Is the fact of God’s becoming flesh good news for us, or bad? The nature of news – even the hourly television news – is that it makes a difference in our lives. Without this gift of God’s very self, his Word, in human history, where would we human beings be? What would anchor us in our search for ourselves and life’s destiny?
The words to a beautiful Christmas carol capture the impact of the Good News announced now to the world for two millennia: “Long lay the world in sin and error pining ‘til he appeared and the earth felt its worth! A thrill of hope! The weary world rejoices, for yonder breaks a new and glorious morn! Fall on your knees! O hear the angels’ voices! O Holy Night!”
Yes, unfortunately, we perhaps have heard the Good News so often that its impact escapes us. We can indeed engage in the frantic cultural celebration of Christmas (even within the ritual and song of church celebrations) and miss the excitement and life-changing power of the Gospel.
Christmas is not the celebration of what we have organized as a spending frenzy or a “holiday” break from school and normal business operations. Christmas is the celebration of the Good News of our salvation: the fact that God so loves the world that he sent his very Son to open for us the way to full and everlasting life.
This amazing recognition of what God has done for us in the One born of Mary in Bethlehem even makes us free to reject it if we want, and to engage in the great pretense that we do not even need God in our lives. We, the masters of technology, can save ourselves. Or so we think.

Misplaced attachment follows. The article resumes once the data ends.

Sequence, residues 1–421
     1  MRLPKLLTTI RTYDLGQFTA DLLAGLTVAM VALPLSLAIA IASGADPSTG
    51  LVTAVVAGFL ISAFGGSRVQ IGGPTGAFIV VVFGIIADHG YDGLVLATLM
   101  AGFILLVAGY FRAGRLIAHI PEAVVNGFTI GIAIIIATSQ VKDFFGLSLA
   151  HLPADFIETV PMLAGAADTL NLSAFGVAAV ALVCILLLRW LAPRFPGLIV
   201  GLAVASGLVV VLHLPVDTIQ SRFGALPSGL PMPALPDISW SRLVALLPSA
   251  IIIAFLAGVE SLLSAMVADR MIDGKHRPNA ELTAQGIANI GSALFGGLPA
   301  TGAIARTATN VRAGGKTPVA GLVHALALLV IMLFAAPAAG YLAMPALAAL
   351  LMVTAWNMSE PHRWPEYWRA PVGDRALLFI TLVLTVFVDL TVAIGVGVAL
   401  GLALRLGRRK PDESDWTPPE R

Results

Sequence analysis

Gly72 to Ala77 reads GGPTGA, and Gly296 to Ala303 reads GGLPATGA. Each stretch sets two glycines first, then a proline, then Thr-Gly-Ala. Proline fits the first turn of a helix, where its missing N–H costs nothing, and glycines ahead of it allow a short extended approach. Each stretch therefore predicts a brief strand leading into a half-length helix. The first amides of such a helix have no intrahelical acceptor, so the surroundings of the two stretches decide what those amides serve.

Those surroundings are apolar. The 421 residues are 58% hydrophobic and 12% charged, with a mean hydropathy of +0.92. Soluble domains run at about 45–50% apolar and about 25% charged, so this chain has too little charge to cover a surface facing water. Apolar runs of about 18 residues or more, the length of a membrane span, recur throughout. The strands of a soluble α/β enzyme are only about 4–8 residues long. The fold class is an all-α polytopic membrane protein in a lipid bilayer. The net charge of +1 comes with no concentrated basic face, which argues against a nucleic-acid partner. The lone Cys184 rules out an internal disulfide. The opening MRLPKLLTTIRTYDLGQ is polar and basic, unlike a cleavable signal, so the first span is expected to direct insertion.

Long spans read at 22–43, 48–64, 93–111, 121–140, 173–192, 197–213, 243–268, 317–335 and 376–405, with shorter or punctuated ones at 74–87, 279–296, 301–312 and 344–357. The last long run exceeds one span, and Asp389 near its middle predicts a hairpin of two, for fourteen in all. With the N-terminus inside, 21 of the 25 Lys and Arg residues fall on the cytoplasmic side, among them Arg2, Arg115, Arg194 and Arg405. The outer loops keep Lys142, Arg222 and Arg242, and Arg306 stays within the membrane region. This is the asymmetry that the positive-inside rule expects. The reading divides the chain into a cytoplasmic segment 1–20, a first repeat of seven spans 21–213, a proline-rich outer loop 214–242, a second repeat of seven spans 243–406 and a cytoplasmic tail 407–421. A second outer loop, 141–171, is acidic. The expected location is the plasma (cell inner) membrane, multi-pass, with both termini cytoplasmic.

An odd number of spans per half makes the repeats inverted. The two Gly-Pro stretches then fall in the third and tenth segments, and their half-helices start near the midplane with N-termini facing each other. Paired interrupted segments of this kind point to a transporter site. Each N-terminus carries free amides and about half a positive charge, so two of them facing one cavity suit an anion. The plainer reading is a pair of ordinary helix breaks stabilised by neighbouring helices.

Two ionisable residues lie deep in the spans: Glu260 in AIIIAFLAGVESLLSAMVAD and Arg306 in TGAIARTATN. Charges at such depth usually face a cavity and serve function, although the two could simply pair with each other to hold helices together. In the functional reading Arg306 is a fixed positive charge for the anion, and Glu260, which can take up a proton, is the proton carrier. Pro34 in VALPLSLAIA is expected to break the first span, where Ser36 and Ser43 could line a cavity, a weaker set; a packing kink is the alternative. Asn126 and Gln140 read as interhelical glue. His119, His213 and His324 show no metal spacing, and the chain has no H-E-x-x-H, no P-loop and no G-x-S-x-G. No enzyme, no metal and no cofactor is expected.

Given the way that cultural trappings have diverted Christmas from the heart of Christians, it takes a special effort to embrace the message of Christmas. All true believers have an uphill battle when it comes to communicating the true reason for this season. It is a mistake to assume that the surrounding culture or the commercial world will do that for us Christians. Having a sales clerk wish us a “Merry Christmas” instead of “Happy Holidays” is not the answer.
Unless we ourselves find ways to break into the flow of cultural consciousness this time of year, the Gospel will remain a mere element of curiosity in competition with department store sales and other major commercial efforts to focus the heart on buying and getting. We Christians cannot blame the commercial world for corrupting the spirit of Christmas. Christians may have let it happen because we ourselves, the shoppers and buyers, have lost touch with the amazing news that still seeks to break into our lives and lift our hearts in thankful praise. Of all peoples on the face of the earth, we should be the ones who truly do have a News Alert! to share!
(Father Savelesky is pastor of Assumption Parish in Spokane. His book, Catholics
Believe, is available from Harcourt Religion Publishers.)